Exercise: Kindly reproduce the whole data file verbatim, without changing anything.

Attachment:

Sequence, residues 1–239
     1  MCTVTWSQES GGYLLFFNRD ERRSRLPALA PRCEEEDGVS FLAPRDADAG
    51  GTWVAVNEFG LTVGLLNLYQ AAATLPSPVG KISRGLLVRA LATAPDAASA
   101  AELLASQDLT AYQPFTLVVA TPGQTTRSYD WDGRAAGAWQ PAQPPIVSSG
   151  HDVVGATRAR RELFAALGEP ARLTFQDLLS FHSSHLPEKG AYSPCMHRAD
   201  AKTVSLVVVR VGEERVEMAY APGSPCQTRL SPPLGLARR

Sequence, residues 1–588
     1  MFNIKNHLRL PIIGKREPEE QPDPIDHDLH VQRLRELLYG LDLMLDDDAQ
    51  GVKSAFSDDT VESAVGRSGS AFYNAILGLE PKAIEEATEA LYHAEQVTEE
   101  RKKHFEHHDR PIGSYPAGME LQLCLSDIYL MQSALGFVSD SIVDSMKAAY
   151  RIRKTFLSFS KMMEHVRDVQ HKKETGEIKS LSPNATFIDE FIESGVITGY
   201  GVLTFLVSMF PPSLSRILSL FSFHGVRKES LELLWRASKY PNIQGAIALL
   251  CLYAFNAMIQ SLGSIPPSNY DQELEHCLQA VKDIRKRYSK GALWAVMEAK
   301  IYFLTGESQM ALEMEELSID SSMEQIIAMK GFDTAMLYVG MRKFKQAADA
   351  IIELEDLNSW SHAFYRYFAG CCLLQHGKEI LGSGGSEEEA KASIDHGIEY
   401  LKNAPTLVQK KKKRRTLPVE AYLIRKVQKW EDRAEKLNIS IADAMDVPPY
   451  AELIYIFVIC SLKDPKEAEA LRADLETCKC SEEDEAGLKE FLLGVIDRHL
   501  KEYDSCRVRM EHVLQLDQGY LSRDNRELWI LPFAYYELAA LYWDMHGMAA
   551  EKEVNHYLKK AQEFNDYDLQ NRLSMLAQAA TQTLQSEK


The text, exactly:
Sequence, residues 1–239
     1  MCTVTWSQES GGYLLFFNRD ERRSRLPALA PRCEEEDGVS FLAPRDADAG
    51  GTWVAVNEFG LTVGLLNLYQ AAATLPSPVG KISRGLLVRA LATAPDAASA
   101  AELLASQDLT AYQPFTLVVA TPGQTTRSYD WDGRAAGAWQ PAQPPIVSSG
   151  HDVVGATRAR RELFAALGEP ARLTFQDLLS FHSSHLPEKG AYSPCMHRAD
   201  AKTVSLVVVR VGEERVEMAY APGSPCQTRL SPPLGLARR

Sequence, residues 1–588
     1  MFNIKNHLRL PIIGKREPEE QPDPIDHDLH VQRLRELLYG LDLMLDDDAQ
    51  GVKSAFSDDT VESAVGRSGS AFYNAILGLE PKAIEEATEA LYHAEQVTEE
   101  RKKHFEHHDR PIGSYPAGME LQLCLSDIYL MQSALGFVSD SIVDSMKAAY
   151  RIRKTFLSFS KMMEHVRDVQ HKKETGEIKS LSPNATFIDE FIESGVITGY
   201  GVLTFLVSMF PPSLSRILSL FSFHGVRKES LELLWRASKY PNIQGAIALL
   251  CLYAFNAMIQ SLGSIPPSNY DQELEHCLQA VKDIRKRYSK GALWAVMEAK
   301  IYFLTGESQM ALEMEELSID SSMEQIIAMK GFDTAMLYVG MRKFKQAADA
   351  IIELEDLNSW SHAFYRYFAG CCLLQHGKEI LGSGGSEEEA KASIDHGIEY
   401  LKNAPTLVQK KKKRRTLPVE AYLIRKVQKW EDRAEKLNIS IADAMDVPPY
   451  AELIYIFVIC SLKDPKEAEA LRADLETCKC SEEDEAGLKE FLLGVIDRHL
   501  KEYDSCRVRM EHVLQLDQGY LSRDNRELWI LPFAYYELAA LYWDMHGMAA
   551  EKEVNHYLKK AQEFNDYDLQ NRLSMLAQAA TQTLQSEK